Now that Harlem is “safe” again, I have enjoyed revisiting it, taking photos for a new series of street scenes. Fortunately, I have a friend who walks across 125th St. once a week to teach at Columbia. I have persuaded him to snap whatever catches his attention with his I-Phone (pretending to be talking into it) while on his weekly trek across town. He doesn’t have time to be selective or compose anything but it doesn’t matter; I get his images developed at Walgreen’s and take what I want out of them. I never draw directly from photos; I absorb them. The results are kaleidoscopic, real but unreal. So far, I have finished several sketches of people on the street that I will ignore once I start to paint. In the finished work, you’ll see fragments of Harlem: the signage, the Apollo Theater, elevated train stations, vendors, and street life. I can’t wait to get to work!

Friday, February 10, 2017


I have no idea where most of my art comes from. Images just seem to burst unbidden from my subconscious. If anything, when I set out to portray “something” it’s usually forced looking and a failure. At the moment, my studio walls are covered with four-foot high figures cut from brown wrapping paper. They are dancing with such abandon that I call them Maenads, drunken followers of the ancient Greek god, Dionysus. The closest thing I’ve seen to anything like them are Matisse’s giant cutouts on the frieze of the Barnes Museum in Philadelphia, but, if you’ll forgive my hubris, I think mine are more interesting.

The images are derived from small paper cutouts of figures I paste on cheap paper plates - my 21st century “Arte Povera” version of Greek kylixes or drinking cups. At night, before I go to sleep, I usually listen to (not watch) some fairly uninteresting talk shows and while my conscious mind is distracted, I cut 5” figures freehand out of black or tan paper. Then I stick them on a lampshade to get a better look. (Post #132) and the next day, I glue them down onto cheap paper plates, the 300 for $3.99 variety. I think of them as Ancient Greek in origin because of their fluted rims, a common border motif known as a ‘tongue’ pattern. I’ve always assumed that they came from my twenty years of teaching art history at the University of Connecticut – influenced by the incomparable Greek ceramics that survived millennia when much else was lost.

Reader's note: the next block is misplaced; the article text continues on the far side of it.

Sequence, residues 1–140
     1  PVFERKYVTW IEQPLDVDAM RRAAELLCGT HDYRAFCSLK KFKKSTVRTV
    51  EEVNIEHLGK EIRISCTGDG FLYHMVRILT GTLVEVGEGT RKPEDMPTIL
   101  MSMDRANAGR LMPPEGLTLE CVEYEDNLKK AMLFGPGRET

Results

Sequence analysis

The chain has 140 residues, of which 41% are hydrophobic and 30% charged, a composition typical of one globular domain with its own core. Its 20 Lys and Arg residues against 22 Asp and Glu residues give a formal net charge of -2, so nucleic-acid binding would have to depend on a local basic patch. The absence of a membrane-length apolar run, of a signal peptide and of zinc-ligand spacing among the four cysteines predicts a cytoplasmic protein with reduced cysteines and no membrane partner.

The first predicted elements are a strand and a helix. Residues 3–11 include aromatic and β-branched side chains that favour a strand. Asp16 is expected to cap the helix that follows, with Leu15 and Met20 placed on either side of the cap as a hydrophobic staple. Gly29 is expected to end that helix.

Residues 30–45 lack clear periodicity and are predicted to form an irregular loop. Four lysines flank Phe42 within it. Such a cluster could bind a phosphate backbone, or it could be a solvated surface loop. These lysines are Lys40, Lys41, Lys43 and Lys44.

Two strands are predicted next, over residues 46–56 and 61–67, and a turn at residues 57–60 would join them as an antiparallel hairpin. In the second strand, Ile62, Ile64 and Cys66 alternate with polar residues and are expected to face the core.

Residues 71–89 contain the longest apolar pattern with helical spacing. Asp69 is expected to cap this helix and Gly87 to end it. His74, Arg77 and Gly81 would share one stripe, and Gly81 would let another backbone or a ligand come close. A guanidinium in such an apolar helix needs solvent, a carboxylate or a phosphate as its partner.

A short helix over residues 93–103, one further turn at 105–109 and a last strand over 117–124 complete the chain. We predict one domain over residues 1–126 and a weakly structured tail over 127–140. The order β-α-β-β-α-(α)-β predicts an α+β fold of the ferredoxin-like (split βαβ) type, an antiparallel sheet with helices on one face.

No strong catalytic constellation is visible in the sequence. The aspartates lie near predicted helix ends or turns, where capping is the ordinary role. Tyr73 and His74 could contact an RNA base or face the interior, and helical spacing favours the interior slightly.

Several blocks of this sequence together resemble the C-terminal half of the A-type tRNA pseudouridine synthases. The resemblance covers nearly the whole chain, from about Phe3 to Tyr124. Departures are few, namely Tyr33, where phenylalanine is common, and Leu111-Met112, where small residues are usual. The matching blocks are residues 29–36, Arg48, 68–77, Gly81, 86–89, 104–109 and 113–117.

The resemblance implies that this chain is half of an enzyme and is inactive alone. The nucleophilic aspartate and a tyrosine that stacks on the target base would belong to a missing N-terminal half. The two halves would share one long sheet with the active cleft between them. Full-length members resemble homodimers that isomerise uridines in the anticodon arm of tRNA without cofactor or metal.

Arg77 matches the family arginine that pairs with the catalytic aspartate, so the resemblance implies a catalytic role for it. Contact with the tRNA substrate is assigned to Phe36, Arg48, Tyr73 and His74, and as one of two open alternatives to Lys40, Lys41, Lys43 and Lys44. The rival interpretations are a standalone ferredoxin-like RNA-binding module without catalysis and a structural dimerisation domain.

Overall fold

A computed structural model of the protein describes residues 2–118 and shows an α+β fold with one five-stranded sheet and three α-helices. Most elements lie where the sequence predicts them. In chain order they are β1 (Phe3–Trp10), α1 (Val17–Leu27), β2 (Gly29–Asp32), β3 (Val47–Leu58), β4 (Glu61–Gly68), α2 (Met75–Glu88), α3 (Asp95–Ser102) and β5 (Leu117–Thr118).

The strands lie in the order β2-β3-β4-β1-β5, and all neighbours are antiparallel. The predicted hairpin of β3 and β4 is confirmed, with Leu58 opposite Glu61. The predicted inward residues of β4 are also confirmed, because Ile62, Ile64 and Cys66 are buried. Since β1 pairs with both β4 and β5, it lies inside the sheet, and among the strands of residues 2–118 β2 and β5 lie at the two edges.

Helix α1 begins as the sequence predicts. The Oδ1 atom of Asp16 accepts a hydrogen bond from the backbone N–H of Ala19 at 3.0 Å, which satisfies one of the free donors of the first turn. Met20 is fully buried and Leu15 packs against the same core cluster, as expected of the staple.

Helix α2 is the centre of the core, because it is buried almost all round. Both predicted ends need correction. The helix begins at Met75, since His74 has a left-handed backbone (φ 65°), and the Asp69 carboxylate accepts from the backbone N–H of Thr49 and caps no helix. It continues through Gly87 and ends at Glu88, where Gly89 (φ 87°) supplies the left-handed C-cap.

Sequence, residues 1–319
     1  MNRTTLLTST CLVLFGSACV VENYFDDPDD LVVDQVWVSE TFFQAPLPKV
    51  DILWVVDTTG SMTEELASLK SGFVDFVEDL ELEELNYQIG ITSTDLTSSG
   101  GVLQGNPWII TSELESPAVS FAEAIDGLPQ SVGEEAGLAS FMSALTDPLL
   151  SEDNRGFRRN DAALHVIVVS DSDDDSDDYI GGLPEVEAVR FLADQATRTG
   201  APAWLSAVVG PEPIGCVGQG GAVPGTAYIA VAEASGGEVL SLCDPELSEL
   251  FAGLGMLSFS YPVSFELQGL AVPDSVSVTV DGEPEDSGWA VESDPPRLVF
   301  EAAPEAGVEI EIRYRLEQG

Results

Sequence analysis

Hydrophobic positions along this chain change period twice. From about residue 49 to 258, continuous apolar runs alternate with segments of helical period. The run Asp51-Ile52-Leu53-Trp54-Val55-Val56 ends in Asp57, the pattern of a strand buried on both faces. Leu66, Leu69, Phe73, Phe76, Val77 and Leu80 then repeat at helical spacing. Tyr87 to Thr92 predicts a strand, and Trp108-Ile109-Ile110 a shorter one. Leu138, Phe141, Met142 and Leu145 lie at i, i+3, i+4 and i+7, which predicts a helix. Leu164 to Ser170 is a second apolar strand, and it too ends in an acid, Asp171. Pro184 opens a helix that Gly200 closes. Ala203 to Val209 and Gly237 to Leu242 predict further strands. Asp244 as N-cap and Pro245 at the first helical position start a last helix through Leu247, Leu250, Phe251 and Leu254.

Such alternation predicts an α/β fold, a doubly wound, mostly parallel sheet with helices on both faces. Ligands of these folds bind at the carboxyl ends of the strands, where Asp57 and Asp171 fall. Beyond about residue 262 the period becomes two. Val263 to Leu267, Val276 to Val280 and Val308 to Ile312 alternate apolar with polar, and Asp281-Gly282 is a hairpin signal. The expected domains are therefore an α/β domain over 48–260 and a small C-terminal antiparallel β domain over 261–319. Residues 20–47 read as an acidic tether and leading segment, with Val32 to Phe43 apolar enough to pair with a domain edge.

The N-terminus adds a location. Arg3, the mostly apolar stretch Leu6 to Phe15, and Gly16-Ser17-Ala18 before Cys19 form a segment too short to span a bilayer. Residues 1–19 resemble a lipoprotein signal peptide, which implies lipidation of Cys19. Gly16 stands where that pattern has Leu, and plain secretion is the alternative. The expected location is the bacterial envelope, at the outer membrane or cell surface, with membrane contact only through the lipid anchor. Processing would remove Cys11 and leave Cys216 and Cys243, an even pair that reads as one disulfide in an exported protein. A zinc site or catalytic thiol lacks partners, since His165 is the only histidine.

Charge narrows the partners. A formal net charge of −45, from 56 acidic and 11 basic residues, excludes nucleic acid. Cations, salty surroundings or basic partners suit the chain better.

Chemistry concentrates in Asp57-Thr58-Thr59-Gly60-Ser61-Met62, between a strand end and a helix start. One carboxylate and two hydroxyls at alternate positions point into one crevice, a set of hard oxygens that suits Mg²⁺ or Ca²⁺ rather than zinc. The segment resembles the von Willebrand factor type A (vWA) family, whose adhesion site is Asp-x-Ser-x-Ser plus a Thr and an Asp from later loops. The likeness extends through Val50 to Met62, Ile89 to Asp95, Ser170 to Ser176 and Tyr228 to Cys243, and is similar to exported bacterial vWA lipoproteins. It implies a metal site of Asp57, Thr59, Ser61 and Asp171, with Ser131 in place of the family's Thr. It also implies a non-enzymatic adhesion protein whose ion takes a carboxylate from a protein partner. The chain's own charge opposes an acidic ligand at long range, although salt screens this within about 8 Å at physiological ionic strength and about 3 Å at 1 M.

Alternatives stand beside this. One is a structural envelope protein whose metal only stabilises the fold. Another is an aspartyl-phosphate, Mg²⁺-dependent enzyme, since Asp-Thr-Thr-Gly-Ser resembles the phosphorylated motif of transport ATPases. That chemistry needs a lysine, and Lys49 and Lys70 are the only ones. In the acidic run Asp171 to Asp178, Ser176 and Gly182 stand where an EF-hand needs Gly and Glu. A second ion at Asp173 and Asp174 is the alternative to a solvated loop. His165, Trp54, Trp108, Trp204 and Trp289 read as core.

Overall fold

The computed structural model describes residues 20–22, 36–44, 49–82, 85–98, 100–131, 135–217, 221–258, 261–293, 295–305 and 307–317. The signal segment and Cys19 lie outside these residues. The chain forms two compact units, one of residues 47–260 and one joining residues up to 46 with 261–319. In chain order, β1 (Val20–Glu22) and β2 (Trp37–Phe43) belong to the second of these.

It recently dawned on me that my interest in the dancing figures goes much further back than my art history days – it goes back to my childhood, when my mother took me into downtown Manhattan once a week to study Interpretive Dance – the innovative techniques of Isadora Duncan. From the time I was five until about the age of 11, I took lessons from two disciples of Duncan’s style: Irma Duncan, one of Isadora’s adopted daughters (they were called the “Isadorables”), and Julia Levien, who also studied with Duncan. Barefoot, dressed in a chiffon toga my mother had made for me and with a wreath of flowers in my hair, I attempted to hop, skip and jump with the prescribed abandon of a true follower of Dionysus, the supposed basis for Duncan dance. My career ended when it became evident that while I had my heart in it, my body was just not up to the demands. I was relatively tall for my age and noticeably delicate (skinny), while the really good Duncan dancers were stocky and muscular. Nature, it seemed had other plans for me.

Since I had no “ear” for music, the only remaining option was to become an artist. So, here I am, decades (many, many) later, turning my failure as a Duncan dancer into another art form, filling my studio with cut-out figures who enjoy dancing to a gypsy fiddler – the best I can come up with since no one really knows what 5th century B.C. music actually sounded like.

At any rate, I never made the connection between my short-lived career as a Duncan dancer and the wrapping paper cutouts chasing each other around my studio wall until a few weeks ago when one of my beautiful granddaughters came for a visit. We spent the afternoon looking at old family photos and came across a couple that were taken of me at a performance when I was about ten or eleven years old. There are even shadows on the wall that look like my recent silhouettes - I’m the skinny one with the long hair on the right and in the group photo, I’m the second from the left in the middle row.

Thursday, February 2, 2017